And here’s a twist: if you were enjoying Chilean Merlot in the 1980’s and 90’s then there is a good chance what was in the bottle was really Carménère. It is an ancient variety that was mistaken for Merlot and forgotten.
In the late 1800’s Chile sent viticulturists to Europe to collect vines. Chile’s vineyards were mostly planted with dull varieties originally used for sacramental wine by Spanish missionaries. The new vines were planted in Chilean government sponsored nurseries with the intention of propagating them to improve the quality of local wines.
Among the many French vines brought back from the Bordeaux wine region was Carménère, which was one of the six black varieties allowed to make Claret, the famous red wine of Bordeaux.
Shortly after the Chilean expedition set sail for home France’s vineyards were devastated by Phylloxera. The solution was eventually found. All vinifera vines were to be grafted onto phylloxera resistant American vine roots, and not all took well to that treatment. In Bordeaux the pragmatic decision was to replant with the three most successful varieties, Cabernet Sauvignon, Franc and Merlot. Carménère ripened late and its fruits often didn’t set. So few replanted their vineyards with it or the two other allowed varieties – Malbec and Petit Verdot.
Phylloxera swiftly spread around the world but Chile, a long thin country bordered by the ocean on one side and the Andes mountains on the other, remained free of the pest.
Carménère grew well in Chile and thrived in the warm climate but over the years it became confused with Merlot which has similar leaves. In the 1980’s red wine became popular in the USA and Merlot was the favourite. Stocks ran out and Merlot from Chile was imported to meet demand and very good it was too. It seemed to have more appeal than local Merlot.
In 1993 Chileans discovered that much of their Merlot was in reality the forgotten Carménère. It took a change of law to allow the name to appear on wine labels but finally Chilean Carménère entered the world stage.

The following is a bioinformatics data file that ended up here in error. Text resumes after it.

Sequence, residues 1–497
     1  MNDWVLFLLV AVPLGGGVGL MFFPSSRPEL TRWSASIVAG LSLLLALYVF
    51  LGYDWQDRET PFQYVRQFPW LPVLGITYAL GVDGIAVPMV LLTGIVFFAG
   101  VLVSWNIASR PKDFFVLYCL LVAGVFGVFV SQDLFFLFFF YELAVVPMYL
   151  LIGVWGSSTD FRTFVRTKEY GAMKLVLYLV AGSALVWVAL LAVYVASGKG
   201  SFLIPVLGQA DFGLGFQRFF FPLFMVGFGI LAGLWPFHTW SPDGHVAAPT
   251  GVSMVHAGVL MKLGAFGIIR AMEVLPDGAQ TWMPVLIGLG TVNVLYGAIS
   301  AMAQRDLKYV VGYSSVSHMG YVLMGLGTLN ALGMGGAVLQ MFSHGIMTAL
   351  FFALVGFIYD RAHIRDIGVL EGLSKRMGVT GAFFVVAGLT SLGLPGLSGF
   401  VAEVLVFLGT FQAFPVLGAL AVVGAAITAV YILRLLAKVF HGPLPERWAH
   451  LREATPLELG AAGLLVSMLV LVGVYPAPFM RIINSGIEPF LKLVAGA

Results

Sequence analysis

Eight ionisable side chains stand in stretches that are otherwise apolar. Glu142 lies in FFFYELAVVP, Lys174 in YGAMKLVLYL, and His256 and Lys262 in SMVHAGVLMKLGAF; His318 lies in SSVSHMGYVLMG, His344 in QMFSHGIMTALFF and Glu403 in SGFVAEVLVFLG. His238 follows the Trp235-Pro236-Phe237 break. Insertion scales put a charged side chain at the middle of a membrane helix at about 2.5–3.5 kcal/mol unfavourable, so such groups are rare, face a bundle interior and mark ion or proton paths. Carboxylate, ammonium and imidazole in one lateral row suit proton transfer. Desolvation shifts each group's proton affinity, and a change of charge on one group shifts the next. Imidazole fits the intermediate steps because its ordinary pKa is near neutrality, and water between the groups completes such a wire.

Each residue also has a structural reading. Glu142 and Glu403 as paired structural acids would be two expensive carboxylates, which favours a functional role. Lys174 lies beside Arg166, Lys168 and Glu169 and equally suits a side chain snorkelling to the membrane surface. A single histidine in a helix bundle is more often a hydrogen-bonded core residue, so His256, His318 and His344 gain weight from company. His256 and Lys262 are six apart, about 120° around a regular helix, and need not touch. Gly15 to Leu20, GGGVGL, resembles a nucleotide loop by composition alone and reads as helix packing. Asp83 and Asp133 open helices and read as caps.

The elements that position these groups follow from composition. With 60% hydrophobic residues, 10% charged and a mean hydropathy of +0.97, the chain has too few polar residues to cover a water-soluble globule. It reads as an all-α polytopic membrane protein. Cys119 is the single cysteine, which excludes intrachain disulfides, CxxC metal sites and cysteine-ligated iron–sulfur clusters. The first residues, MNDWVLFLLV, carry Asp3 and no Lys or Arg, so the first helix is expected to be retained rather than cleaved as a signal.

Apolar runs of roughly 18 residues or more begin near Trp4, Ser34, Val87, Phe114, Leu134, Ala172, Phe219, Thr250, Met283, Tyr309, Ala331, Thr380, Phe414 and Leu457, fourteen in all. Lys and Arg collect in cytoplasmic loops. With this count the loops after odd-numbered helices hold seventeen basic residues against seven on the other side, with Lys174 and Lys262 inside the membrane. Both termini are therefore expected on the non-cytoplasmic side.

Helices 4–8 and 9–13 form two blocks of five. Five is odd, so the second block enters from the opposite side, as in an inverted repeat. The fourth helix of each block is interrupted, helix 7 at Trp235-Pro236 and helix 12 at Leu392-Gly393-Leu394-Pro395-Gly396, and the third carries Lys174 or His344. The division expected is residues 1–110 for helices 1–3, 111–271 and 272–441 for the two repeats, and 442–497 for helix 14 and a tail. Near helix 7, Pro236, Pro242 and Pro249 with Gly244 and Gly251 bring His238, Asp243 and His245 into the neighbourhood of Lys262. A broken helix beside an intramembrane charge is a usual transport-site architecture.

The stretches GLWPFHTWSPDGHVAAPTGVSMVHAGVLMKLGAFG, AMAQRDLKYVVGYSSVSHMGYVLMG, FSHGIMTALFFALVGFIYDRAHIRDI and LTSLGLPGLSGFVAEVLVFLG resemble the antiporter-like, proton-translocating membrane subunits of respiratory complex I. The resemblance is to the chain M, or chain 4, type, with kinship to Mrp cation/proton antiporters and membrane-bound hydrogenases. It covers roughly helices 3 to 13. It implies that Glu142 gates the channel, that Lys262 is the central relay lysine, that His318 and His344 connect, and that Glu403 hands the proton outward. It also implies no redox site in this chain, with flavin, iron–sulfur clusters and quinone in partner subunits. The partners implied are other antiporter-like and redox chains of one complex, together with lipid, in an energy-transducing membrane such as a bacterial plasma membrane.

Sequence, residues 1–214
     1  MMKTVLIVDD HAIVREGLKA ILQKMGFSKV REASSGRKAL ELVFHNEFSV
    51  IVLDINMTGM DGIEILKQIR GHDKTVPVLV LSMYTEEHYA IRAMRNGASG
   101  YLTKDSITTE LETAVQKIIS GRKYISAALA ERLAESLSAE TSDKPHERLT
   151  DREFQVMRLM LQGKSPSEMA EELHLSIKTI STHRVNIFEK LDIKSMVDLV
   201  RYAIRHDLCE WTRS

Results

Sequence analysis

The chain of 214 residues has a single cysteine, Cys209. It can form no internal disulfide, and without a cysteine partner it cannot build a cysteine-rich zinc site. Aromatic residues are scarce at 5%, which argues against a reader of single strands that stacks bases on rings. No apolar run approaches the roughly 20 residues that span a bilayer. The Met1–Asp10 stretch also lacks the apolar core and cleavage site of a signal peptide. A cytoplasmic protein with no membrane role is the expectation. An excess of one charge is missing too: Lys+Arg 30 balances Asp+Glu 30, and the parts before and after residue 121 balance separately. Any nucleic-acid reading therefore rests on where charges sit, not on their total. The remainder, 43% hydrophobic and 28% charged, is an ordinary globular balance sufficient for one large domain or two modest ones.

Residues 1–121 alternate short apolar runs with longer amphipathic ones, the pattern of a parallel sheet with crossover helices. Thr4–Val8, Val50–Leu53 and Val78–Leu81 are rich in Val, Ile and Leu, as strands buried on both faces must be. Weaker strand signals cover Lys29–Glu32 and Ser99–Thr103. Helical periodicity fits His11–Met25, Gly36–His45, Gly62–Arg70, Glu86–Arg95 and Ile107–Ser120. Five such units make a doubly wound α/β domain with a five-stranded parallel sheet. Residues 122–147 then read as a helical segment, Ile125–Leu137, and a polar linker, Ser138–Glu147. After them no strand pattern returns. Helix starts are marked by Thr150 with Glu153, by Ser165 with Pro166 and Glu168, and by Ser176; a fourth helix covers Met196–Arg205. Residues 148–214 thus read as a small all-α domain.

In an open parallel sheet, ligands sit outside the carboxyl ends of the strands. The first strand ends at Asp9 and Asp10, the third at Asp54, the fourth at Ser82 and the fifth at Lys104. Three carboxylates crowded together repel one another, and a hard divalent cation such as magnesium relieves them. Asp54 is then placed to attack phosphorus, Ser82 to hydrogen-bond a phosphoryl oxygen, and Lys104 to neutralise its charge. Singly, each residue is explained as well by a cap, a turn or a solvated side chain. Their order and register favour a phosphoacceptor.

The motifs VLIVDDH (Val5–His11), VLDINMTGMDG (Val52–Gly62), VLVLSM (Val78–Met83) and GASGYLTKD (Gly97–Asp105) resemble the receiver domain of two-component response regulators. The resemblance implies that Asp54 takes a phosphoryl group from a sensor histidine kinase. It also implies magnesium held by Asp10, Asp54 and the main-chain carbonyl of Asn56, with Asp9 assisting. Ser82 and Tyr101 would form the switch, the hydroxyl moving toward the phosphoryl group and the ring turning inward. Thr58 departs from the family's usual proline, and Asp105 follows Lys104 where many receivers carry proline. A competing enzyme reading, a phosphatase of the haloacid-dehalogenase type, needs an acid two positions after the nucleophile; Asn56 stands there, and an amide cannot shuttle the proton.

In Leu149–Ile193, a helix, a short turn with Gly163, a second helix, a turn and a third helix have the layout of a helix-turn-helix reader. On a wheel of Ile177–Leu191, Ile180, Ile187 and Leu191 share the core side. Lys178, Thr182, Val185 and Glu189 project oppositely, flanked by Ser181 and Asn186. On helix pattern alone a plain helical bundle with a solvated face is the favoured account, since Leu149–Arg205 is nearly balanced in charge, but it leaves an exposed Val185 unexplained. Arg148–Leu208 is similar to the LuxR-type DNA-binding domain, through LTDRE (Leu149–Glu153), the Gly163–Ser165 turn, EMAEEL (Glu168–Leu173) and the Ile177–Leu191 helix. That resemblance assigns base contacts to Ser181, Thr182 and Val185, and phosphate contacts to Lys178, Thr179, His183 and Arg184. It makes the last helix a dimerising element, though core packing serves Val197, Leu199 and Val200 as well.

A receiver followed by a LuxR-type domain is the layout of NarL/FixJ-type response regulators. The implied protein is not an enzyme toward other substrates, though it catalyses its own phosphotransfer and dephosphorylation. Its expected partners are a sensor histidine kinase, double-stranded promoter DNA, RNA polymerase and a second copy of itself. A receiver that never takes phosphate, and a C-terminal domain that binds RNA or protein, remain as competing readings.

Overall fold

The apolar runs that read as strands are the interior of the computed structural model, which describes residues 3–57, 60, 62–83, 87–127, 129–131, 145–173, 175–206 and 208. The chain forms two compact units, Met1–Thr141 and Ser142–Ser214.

What sort of wine is it? Carménère takes it name from carmin, the French word for crimson, it has a bright purple-red colour and tastes similar to Merlot with, I think, more depth and complexity. I can find blackberry, spices and sometimes coffee in a glass of good Carménère.
As with all wines, you get what you pay for, but you won't go wrong with the excellent Carménère wines made by Chile’s Concha y Tora winery.
Grapes Vines and Wines
Jancis Robinson's book, referred to above, was a revelation when published. It was the very first consumer book that focused on grape varieties and how thay affected the taste of wine. It covers almost every wine grape by name and synonym. Maybe its a bit geeky and its a little out of date with the latest DNA research but it is a serious reference book for serious wine loves. Needless to say I find it indispensible.
Grapes and Wines
Oz Clarkes's book is more recent and it is beautifully illustrated and easy to use with grape varieties listed in alphabetical order. Major varieties have several pages to themselves with all the information you need about tastes and where they are grown. If you like wine then this is a book you really should have. And if you know someone who loves wine then this makes a great present. I refer to this first as it is so easy to use and so enjoyable to read.
Peter F May is the author of Marilyn Merlot and the Naked Grape: Odd Wines from Around the World which features more than 100 wine labels and the stories behind them, and PINOTAGE: Behind the Legends of South Africa’s Own Wine which tells the story behind the Pinotage wine and grape.